Shopify ( SHOP 6.47% ) and Baozun ( BZUN 5.52% ) both help businesses establish their online presences with online storefronts and other tools. Shopify, which became Canada's most valuable company earlier this year, was founded in Ottawa in 2006. Baozun was founded in Shanghai in 2007.
Baozun is often referred to as the "Shopify of China," but it's attracted fewer bulls than its Canadian counterpart. Baozun went public at $10 a share in 2015, and its stock currently trades in the mid-$30s. Shopify went public at $17 a share that same year, but it blew past $1,000 a share earlier this year.
Shopify clearly generated bigger gains than Baozun, but past performance doesn't guarantee future gains. Shopify's stock is also looking a bit frothy at nearly 280 times forward earnings, while Baozun trades at a mere 25 times forward earnings. So is it time to sell the market darling and buy the oft-overlooked underdog?
The differences between Shopify and Baozun
Shopify and Baozun might initially seem similar, but the companies are actually very different.
Shopify mainly helps small-to-medium-sized businesses launch their own online stores to break free from big online marketplaces like Amazon and eBay. It also offers other services for fulfilling orders, processing payments, tracking inventories, launching marketing campaigns, and more.
But Shopify isn't an "end-to-end" e-commerce solution that helps merchants run their websites, store their inventories, or ship their orders. Instead, it merely provides the cloud-based tools for merchants to run their own online businesses.
Baozun provides an end-to-end platform that runs all the e-commerce operations, logistics, IT, and marketing campaigns for large companies. It mainly serves large overseas companies, like Nike and PepsiCo, that want to establish an e-commerce presence in China without hiring their own local teams.
That key difference makes Baozun's business more capital-intensive than Shopify's. But in recent years, Baozun replaced its low-margin "distribution-based" model, which takes on a company's inventories and ships the orders to customers, with a higher-margin "non-distribution" model, which lets companies directly ship their products to customers.
Which company is growing faster?
Shopify's revenue rose 47% to $1.58 billion in 2019. Its gross merchant volume (GMV) surged 49% to $61.1 billion. However, its adjusted net income fell 22% to $34.3 million as it ramped up its investments in new services and bought 6 River Systems to support its new Shopify Fulfillment Network.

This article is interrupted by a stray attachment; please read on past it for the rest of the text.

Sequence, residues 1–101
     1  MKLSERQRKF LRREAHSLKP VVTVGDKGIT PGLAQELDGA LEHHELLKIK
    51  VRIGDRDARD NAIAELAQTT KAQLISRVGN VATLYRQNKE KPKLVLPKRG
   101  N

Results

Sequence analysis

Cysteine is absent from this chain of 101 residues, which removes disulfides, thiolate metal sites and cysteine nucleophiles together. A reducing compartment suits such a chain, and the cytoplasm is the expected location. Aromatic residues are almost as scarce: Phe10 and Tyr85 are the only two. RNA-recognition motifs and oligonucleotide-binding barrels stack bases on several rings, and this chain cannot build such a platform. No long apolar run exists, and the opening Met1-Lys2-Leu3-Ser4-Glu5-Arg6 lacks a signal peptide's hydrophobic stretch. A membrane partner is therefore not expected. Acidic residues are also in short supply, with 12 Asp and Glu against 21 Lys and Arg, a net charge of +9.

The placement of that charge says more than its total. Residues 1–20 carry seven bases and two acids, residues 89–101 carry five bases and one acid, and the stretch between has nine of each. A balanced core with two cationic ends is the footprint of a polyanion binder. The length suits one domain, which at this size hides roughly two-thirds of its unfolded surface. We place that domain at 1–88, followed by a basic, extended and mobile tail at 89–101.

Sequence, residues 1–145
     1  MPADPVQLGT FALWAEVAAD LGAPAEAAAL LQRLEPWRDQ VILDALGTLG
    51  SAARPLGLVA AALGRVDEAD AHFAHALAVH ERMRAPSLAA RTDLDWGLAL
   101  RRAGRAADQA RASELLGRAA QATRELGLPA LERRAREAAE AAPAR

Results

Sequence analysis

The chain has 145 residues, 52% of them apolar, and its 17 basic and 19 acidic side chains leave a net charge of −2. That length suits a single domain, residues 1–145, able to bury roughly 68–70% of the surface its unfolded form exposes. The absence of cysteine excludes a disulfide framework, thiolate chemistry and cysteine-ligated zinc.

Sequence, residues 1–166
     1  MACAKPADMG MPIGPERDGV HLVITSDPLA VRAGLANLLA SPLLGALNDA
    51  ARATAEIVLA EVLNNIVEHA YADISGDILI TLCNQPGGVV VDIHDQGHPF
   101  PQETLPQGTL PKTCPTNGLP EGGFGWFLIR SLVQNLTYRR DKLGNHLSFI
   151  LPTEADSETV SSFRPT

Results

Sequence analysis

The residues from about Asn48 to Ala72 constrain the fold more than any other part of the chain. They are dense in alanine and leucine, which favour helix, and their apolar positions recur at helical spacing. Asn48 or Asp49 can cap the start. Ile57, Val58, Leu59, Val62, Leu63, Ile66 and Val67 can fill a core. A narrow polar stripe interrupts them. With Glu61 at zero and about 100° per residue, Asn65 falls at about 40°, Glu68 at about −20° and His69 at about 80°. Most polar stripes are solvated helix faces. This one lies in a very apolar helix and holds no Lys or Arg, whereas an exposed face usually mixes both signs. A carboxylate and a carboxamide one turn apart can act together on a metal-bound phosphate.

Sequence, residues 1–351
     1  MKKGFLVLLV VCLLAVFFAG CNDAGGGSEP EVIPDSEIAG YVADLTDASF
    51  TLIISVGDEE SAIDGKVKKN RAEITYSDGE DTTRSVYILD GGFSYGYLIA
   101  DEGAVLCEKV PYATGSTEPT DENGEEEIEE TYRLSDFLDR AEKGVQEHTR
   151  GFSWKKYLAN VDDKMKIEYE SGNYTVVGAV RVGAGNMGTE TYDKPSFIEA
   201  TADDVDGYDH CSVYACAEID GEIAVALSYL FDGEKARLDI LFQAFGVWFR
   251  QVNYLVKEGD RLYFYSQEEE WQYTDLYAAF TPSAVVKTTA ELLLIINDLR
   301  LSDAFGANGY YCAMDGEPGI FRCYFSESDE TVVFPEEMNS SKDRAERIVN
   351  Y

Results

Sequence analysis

In the first nine months of 2020, Shopify's revenue surged 82% year over year to $1.95 billion as the pandemic forced more businesses to sell their products online. Its GMV increased 46% year over year in the first quarter, 119% in the second quarter, and another 109% in the third quarter.
That surging revenue trickled down to an adjusted net profit of $292 million, compared to a loss of $16 million a year ago, even as it ramped up its investments and expanded its fulfillment network.
Baozun's revenue rose 35% to 7.28 billion yuan ($1.05 billion) last year. Its total GMV rose 51% to 44.41 billion yuan ($6.79 billion), with its non-distribution GMV accounting for 91% of that total. But its adjusted net income rose just 3% to 357.1 million ($51 million) as a warehouse fire crushed its earnings in the fourth quarter.
In the first nine months of 2020, Baozun's revenue rose 22% year over year to 5.5 billion yuan ($840 million). Its GMV grew 18% in the first quarter, 31% in the second quarter, and 19% in the third quarter. Its adjusted net income rose 36% to 264.9 million yuan ($40.5 million).
Those growth rates were decent, but Baozun didn't experience a pandemic-induced acceleration like Shopify for two reasons. First, Baozun mainly serves large overseas companies, which exercised caution as the pandemic spread across China. Second, escalating trade tensions likely caused some American companies to reevaluate their dependence on Chinese consumers.
Baozun's customers clearly remained invested in the Chinese e-commerce market, since big shopping holidays like 618 (June 18) and Singles Day (Nov. 11) were too important to miss, but they didn't aggressively ramp up their spending like Shopify's independent merchants.
The outlook and verdict
Analysts expect Shopify's revenue to grow 81% this year, and for its adjusted earnings to rise 12-fold. But next year, they expect its revenue to rise 33% and for its earnings to dip 2% as the pandemic passes and leaves it facing tough year-over-year comparisons.
Analysts expect Baozun's revenue and earnings to grow 32% and 48%, respectively, this year, as the Chinese economy warms up again and overseas companies increase their e-commerce spending. Next year, they expect its revenue and earnings to grow 29% and 33%, respectively.
We should always be skeptical of analysts' estimates, but Baozun clearly looks like an undervalued growth stock right now. Shopify still has room to run, but it's becoming difficult to justify its frothy valuations. Therefore, I believe the "Shopify of China" could outperform its Canadian counterpart in 2021.